He said he’s seen the result of this approach in other areas of his career as well, such as with using verbal judo on the job. Stacey said he’s found success with the persuasion technique, which focuses on using words rather than physical tactics to diffuse difficult situations. 

“I’m really into de-escalation,” he said. “I’m proud of the fact that in 22 years, I’ve never had to put my hands on anybody.” 

One person who has seen Stacey’s commitment to de-escalating tensions when cops interact with suspects is Bristol Police Chief Bruce Nason. Nason worked with Stacey earlier in his career and said he continues to be helpful even though they work for different agencies. 

“He was committed to learning and sharing with others current acceptable law enforcement procedures,” Nason wrote in a letter to the editor. “With his guidance, we improved our service to the communities we served. He displayed compassion and empathy with everyone he encountered.”


As a city employee who receives a portion of his salary from federal funding, Stacey has had to ensure his candidacy for sheriff complies with the Hatch Act. That federal law restricts the political activity of individuals employed by the state, the District of Columbia and of local executive agencies who work in connection with programs financed in part or entirely by federal funds. Since he fits into the latter group, Stacey said he reached out to the Political Activities/Hatch Act unit of the U.S. Office of Special Counsel for guidance and is making sure to strictly adhere to the act’s restrictions. 

He said he’s received the OK to run for sheriff since only a portion of his salary comes from federal funding, and if he continues to comply with the act’s restrictions, he won’t need to worry about any Hatch Act violations.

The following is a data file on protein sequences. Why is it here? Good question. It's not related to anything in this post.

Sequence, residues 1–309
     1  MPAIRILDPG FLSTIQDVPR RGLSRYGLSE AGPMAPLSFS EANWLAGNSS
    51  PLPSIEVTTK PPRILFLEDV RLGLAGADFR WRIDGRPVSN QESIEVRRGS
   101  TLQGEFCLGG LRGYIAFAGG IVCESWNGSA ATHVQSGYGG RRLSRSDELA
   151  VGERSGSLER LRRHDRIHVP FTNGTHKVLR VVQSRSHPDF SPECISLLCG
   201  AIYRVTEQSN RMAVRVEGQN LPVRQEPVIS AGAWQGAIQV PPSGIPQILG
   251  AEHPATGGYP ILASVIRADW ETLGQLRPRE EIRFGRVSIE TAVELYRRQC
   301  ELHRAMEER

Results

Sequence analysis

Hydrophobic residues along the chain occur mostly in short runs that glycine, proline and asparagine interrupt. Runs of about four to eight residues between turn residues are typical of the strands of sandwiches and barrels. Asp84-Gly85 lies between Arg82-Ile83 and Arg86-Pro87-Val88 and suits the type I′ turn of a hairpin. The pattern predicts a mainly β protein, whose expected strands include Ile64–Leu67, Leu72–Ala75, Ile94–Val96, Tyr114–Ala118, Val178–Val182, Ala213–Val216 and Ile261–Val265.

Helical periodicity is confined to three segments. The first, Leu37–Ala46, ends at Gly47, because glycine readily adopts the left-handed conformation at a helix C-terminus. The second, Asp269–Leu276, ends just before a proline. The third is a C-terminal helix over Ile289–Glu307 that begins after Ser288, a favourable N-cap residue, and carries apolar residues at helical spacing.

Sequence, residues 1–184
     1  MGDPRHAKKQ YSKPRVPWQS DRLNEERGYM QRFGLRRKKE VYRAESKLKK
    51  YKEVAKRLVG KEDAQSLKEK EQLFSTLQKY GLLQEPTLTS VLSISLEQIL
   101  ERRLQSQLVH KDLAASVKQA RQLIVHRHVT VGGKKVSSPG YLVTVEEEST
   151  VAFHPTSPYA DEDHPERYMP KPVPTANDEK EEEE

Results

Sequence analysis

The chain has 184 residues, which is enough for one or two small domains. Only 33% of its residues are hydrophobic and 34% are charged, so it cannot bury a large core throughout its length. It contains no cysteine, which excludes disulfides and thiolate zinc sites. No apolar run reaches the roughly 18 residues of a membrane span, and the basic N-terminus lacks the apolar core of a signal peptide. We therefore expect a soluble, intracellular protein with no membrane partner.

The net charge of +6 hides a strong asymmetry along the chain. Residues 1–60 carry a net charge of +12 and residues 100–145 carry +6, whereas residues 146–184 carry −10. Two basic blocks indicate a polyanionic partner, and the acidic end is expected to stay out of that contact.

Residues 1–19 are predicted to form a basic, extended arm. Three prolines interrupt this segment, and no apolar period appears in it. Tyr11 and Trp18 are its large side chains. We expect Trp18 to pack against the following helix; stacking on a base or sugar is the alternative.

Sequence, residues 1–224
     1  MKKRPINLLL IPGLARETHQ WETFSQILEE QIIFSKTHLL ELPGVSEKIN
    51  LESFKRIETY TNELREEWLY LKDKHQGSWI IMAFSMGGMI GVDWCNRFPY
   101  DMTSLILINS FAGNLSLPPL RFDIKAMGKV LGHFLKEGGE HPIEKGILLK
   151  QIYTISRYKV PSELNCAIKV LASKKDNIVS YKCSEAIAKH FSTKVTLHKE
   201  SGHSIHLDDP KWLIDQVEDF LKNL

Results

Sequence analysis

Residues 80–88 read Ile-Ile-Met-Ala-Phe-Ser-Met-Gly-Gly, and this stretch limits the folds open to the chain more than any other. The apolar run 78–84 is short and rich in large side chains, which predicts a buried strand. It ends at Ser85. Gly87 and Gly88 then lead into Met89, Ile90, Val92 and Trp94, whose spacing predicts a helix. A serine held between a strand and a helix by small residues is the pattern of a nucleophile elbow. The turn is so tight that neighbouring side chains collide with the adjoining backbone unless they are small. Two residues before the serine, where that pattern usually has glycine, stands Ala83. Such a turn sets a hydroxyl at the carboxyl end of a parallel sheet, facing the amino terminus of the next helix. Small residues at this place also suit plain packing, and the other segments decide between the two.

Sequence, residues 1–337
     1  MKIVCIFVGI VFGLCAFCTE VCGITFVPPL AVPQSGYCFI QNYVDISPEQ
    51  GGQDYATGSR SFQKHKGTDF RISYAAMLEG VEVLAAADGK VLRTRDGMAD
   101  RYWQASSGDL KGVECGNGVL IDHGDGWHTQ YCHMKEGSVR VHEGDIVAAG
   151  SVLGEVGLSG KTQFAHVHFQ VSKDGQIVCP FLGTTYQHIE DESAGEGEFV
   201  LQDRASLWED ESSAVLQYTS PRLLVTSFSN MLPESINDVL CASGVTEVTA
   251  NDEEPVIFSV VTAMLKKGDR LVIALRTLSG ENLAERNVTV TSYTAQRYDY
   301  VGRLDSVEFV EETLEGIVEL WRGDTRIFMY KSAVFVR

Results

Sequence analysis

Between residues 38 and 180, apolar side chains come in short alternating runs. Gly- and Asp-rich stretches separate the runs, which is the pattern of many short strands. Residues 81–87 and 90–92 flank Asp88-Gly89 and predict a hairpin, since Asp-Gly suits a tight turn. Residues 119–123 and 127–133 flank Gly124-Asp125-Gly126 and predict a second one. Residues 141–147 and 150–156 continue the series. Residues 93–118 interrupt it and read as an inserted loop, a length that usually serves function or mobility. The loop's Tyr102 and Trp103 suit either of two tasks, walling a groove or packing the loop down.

“No (campaigning in) uniforms, no taking pictures in uniforms and obviously no campaigning while I’m on duty,” he said of some of those restrictions.


If chosen as Addison County’s next sheriff, Stacey said there’s a few things he’d like to focus on. The first is restoring the community’s trust in the sheriff’s department after Newton’s arrest. 

“I want to bring back some legitimacy to the agency,” he said. “I’d just like to see it be a real viable agency within the county.” 

He’d also like to encourage collaboration between law enforcement agencies in the county. Stacey said he believes his experience as traffic safety coordinator has prepared him to facilitate this collaboration, which he sees as being of increasing importance as law enforcement agencies throughout the state continue to struggle with staffing shortages. 

“We need to all work together,” Stacey said. “Everybody’s short (staffed) and if you work together and help each other, it will make things a lot better for public safety and the general public.”

Another priority for Stacey is destigmatizing discussion of mental health within the sheriff’s department and other county law enforcement agencies. He said officers encounter traumatic situations while on the job and should be encouraged to talk to someone if they need support. 

“I always say, ‘It’s OK not to be OK,’” he said. “A lot of police officers keep it inside, because they’re afraid to say something. But if you don’t say anything, it can eat at you.”  

Stacey also said to start out, he wants to talk with towns individually to see how the sheriff’s department can help meet their needs. 

“What I would do is go around to the towns and speak with their selectboards about what their wants and needs are, because every town is different,” he said. 

Those interested in learning more about Stacey can visit